For Iran, the trigger for the flare-up was a devastating bombing on Jan. 3 that killed nearly 100 people at a ceremony in the southeastern city of Kerman to commemorate commander Qassem Soleimani, who was killed by a U.S. drone in 2020.
Soleimani, architect of Iran's drive to extend its influence across the Middle East, was a hero to supporters of the hardline establishment. Tehran publicly vowed revenge against Islamic State, the ultra-hardline Sunni Muslim militant group that claimed responsibility for the bombing.
An Iranian insider close to the country's ruling clerics described the Kerman bombing as "an embarrassment for the leadership" that had shown Iranian security to be vulnerable.
Tuesday's strike was aimed at demonstrating the security organisations' capabilities amid concern among Iranians about a lack of security in the country, the Iranian insider said.
"Such terrorist attacks will get a crushing response from Iran," the insider said.
Iran has also arrested dozens of people linked to Islamic State.
On Tuesday, Iranian missiles struck two bases of the Sunni Muslim group Jaish al-Adl (or the Army of Justice) in Pakistan's southwestern province of Balochistan, which borders Iran. The group's ultra-hardline Sunni Islamist militancy is seen as a threat by Iran, primarily a Shi'ite Muslim country.
A senior Iranian security official told Reuters that Iran had provided Pakistan with evidence that Jaish al-Adl was involved in the Kerman attack, coordinating its logistics, and had asked Pakistan to act against it. Iran had obtained evidence that members of the group were among a number of militants planning further attacks in Iran, he said.
"We have warned everyone that any action against our nation, our national security will not go unanswered," the official added, speaking on condition of anonymity due to sensitivity of the matter.
IRAN 'LOST PATIENCE'
Iran has been pressing Islamabad for years to address the presence of militants near its border, Brew said. The missile strikes were a sign that Tehran has lost patience, he said.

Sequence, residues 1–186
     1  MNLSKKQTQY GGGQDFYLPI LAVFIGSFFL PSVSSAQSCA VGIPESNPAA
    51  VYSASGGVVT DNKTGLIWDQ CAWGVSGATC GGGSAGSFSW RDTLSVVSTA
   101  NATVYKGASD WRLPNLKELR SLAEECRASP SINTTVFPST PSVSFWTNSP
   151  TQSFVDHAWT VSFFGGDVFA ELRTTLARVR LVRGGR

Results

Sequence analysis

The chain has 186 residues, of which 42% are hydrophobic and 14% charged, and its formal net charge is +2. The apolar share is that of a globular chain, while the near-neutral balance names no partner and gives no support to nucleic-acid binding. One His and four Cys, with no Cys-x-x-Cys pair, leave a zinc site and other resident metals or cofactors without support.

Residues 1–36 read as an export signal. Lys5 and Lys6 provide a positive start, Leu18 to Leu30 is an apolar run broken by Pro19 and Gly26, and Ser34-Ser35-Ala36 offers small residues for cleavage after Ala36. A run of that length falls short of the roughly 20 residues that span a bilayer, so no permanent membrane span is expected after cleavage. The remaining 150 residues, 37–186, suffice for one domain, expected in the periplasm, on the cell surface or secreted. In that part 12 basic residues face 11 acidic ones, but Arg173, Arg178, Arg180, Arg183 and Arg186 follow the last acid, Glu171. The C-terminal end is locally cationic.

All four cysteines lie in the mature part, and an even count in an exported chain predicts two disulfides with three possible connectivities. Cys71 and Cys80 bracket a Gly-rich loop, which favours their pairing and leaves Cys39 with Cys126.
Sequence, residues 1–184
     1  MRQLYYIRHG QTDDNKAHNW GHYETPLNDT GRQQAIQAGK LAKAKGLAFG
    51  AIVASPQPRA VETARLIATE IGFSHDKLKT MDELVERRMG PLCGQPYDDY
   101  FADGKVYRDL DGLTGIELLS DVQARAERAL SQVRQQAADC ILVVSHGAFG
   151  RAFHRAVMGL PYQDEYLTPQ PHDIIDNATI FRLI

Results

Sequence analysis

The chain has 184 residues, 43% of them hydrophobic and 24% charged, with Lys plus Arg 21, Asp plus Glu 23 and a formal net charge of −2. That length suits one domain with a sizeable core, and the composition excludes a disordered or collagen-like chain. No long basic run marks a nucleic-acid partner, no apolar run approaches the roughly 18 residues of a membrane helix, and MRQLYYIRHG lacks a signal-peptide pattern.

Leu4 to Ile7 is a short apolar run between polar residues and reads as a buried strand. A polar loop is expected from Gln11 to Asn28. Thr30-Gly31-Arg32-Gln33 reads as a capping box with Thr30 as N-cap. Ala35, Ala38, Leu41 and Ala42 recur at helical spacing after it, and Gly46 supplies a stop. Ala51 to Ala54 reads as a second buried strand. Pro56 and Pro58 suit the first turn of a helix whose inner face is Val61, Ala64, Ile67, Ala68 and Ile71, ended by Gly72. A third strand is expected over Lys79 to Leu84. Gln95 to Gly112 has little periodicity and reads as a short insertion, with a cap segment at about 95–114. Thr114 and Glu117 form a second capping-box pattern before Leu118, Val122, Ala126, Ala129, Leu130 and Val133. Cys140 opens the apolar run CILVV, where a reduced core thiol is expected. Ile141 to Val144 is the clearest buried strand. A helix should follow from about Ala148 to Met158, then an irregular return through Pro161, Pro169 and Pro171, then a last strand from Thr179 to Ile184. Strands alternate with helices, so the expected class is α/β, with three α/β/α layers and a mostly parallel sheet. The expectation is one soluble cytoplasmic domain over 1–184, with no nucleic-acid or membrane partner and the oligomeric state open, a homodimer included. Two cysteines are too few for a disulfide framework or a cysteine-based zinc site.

To be sure, Iran continues to see its role and influence in the Middle East as a central to its security goals.
Brew said that Iran's strike on Pakistan was also intended to signal its resolve, to both enemies and allies, to defend itself in the context of the regional crisis over Gaza.
Michael Kugelman, director of the South Asia Institute at the Wilson Center, a Washington-based think tank, said bilateral tension on border security was a longstanding problem for Iran and Pakistan.
De-escalation would be difficult in the immediate term, "given the high tensions and temperatures at play", he said.
Neither country appears poised for conflict, however. In public statements, both countries have observed their attacks were not aimed at each other's nationals, and signalled they don't want escalation.
Kugelman said both countries might welcome bilateral dialogue and potential third party mediation from a country like China, which has good relations and leverage with both countries. "Diplomacy will be critical from here on out," he said.
(This story has been refiled to clarify first air strike by warplanes, in paragraph 3)
(Editing by William Maclean)